Gardening could help city boost businesses with economic pruning
City looks at new process that could help some small companies
City officials might try a little gardening to boost Beaverton's economy.
They're considering using a concept known as 'economic gardening' to nurture existing businesses, providing special services to help them flourish.
The shift in economic development strategies could provide Beaverton businesses with tools and information that would give them a competitive edge, boosting the local economy in the process.
'I was very impressed and excited when I learned the city was looking into this program,' said Lorraine Clarno, president of the Beaverton Area Chamber of Commerce. 'This is a big shift in economic development.
'In the past, economic development strategies have been pretty project based and project specific. This strategy would focus, enhance and help grow the existing businesses that are here. This is an exciting opportunity for more public and private partnerships. I think it's a real step forward.'
The idea of economic gardening originated in Littleton, Colo., in the late 1980s and has been implemented in varying degrees in communities throughout the United States.
The focus of the strategy is to provide small businesses with access to strategic information, connections to consumers and connections to other businesses with technology that small businesses might not otherwise have access to or be able to afford, said Rob Pochert, Beaverton's economic development manager.
As an example, the city could purchase commercial database services like Lexis/Nexis 'Company Dossier,' Business Analyst 9.1, CoStar and Dun and Bradstreet.
Through the use of these high-powered data mining resources, the city would be able to provide marketing lists, competitor intelligence, new product releases, industry trends, market demographics, market research reports and prospective partners and resources.
'The services the city would offer are very data intensive and more strategic for the future planning and long-term strategies for businesses,' Pochert said. 'I think this program has potential for this community.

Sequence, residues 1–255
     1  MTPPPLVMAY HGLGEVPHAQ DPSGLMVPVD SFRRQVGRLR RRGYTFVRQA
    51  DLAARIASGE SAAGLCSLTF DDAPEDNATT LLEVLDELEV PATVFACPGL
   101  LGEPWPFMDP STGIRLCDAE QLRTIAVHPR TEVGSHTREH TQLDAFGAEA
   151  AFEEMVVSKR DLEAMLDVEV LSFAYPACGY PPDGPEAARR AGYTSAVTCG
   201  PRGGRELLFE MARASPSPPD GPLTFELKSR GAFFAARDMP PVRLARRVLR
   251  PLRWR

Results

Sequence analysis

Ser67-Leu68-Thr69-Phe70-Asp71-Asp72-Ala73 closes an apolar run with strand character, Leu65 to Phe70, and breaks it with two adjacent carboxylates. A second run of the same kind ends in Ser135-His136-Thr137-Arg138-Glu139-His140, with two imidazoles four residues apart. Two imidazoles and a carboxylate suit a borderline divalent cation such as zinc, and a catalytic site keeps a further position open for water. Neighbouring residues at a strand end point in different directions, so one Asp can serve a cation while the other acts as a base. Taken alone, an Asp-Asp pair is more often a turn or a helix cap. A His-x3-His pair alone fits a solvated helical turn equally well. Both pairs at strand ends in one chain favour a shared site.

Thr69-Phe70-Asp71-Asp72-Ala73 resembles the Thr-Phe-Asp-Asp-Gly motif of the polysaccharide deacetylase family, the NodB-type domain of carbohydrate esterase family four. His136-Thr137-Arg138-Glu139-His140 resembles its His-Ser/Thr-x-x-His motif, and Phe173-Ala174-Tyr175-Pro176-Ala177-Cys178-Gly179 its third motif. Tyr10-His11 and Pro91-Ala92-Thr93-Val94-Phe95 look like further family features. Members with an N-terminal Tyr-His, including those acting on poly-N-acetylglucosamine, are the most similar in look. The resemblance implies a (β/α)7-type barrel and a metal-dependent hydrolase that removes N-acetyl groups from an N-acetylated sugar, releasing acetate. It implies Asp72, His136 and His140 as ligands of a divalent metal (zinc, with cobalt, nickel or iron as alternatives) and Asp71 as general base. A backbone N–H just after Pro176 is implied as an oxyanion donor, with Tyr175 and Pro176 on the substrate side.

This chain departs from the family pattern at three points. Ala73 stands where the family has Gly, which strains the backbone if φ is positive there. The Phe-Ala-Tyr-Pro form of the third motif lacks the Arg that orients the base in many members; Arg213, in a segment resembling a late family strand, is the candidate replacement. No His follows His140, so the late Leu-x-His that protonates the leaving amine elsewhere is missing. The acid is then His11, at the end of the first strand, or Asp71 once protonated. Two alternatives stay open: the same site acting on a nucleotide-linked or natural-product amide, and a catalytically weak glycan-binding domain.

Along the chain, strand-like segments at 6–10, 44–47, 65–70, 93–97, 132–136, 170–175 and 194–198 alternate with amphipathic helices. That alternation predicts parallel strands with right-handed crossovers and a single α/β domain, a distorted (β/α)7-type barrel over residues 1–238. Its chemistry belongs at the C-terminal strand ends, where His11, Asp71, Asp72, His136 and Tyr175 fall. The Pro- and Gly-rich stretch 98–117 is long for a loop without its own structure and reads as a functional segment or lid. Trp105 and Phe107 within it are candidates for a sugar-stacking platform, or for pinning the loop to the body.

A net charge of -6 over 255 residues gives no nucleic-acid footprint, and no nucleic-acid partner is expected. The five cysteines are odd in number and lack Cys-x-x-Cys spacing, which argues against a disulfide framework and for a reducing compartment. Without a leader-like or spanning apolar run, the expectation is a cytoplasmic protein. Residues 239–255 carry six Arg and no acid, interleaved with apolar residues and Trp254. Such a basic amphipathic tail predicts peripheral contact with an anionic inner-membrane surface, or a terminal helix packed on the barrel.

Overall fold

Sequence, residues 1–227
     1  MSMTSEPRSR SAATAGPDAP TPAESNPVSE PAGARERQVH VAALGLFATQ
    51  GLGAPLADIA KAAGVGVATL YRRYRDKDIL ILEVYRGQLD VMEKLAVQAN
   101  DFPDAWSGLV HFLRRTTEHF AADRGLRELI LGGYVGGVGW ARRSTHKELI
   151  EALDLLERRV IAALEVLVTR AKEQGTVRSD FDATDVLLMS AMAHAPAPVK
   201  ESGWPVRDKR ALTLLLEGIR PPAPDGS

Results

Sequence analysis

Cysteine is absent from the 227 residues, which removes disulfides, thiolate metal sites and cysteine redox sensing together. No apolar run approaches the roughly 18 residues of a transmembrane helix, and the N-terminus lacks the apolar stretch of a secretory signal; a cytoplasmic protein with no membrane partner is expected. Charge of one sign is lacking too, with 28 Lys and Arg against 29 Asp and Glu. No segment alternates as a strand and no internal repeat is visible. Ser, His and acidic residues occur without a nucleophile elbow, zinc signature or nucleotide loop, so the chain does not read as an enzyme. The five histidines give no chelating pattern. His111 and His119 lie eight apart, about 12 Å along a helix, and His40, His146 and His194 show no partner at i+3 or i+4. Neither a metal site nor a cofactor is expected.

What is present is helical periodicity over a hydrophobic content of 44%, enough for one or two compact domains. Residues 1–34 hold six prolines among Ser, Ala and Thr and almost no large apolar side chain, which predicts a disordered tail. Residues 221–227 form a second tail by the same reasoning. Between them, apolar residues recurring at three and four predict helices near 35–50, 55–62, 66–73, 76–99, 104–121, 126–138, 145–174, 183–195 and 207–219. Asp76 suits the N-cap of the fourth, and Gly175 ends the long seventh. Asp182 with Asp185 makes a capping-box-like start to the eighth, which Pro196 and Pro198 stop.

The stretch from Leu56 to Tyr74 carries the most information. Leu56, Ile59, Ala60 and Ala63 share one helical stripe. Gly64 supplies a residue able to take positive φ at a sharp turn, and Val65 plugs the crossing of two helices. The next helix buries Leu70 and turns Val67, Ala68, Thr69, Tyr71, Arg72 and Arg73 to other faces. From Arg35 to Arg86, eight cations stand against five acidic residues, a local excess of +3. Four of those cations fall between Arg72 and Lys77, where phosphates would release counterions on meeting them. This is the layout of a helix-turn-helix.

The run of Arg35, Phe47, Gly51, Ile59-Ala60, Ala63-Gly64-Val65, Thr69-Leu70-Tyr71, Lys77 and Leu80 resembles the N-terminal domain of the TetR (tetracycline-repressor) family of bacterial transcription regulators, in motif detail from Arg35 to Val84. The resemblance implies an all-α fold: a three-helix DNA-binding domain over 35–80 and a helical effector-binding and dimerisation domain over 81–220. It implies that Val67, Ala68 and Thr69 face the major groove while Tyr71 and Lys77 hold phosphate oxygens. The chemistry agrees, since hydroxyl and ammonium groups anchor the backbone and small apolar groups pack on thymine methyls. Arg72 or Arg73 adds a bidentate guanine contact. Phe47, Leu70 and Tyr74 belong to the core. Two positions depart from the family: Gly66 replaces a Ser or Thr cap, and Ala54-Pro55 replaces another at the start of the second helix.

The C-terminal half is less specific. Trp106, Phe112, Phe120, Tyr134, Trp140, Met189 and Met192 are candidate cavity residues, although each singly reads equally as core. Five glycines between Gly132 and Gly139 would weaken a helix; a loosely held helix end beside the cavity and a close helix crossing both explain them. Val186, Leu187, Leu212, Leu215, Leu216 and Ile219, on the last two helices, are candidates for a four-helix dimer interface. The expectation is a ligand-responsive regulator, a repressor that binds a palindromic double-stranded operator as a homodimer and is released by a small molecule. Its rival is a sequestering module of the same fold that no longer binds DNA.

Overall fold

'It is an opportunity for Beaverton to work with existing businesses and provide services nobody else in Oregon is providing. I'm excited about it.'
Pochert and Clarno are not alone in their support of the program concept.
Mayor Rob Drake and City Councilor Dennis Doyle both would like to see how an economic gardening program would work in Beaverton.
'When businesses are working well and people are working, you have a complete community,' Drake said. 'Our goal is to work cooperatively and effectively with our business partners.
'The bulk of the businesses in this community are smaller businesses, and this program would benefit them.'
'If government can help them, we can't hit a better home run,' Doyle said. 'There is a lot of potential here.
'This is the type of thing city government should be doing in serving citizens and businesses in this community.'
He said implementing an economic gardening program would complement other city initiatives like the redevelopment of downtown and launch of the Open Technology Business Center.
'They go well together,' Doyle said.
While Doyle voiced his excitement for moving forward, Council President Cathy Stanton said she would first like an update and status report on the city's small business incubator that helps startup companies find their economic legs.
'I would like an update on the incubator before we branch out,' Stanton said. 'As much as I want to branch, I don't want to jump baskets.'
Pochert left a July 24 special meeting of the council feeling hopeful.
'The City Council was intrigued with the concept and wanted more information about how it might be applicable to Beaverton - what it would look like, what it would mean and how it would work,' Pochert said. 'The council wants more information about where economic gardening would fit into the economic development strategic plan.
'From my perspective, it has some possibilities because it focuses on helping existing businesses to become more successful.'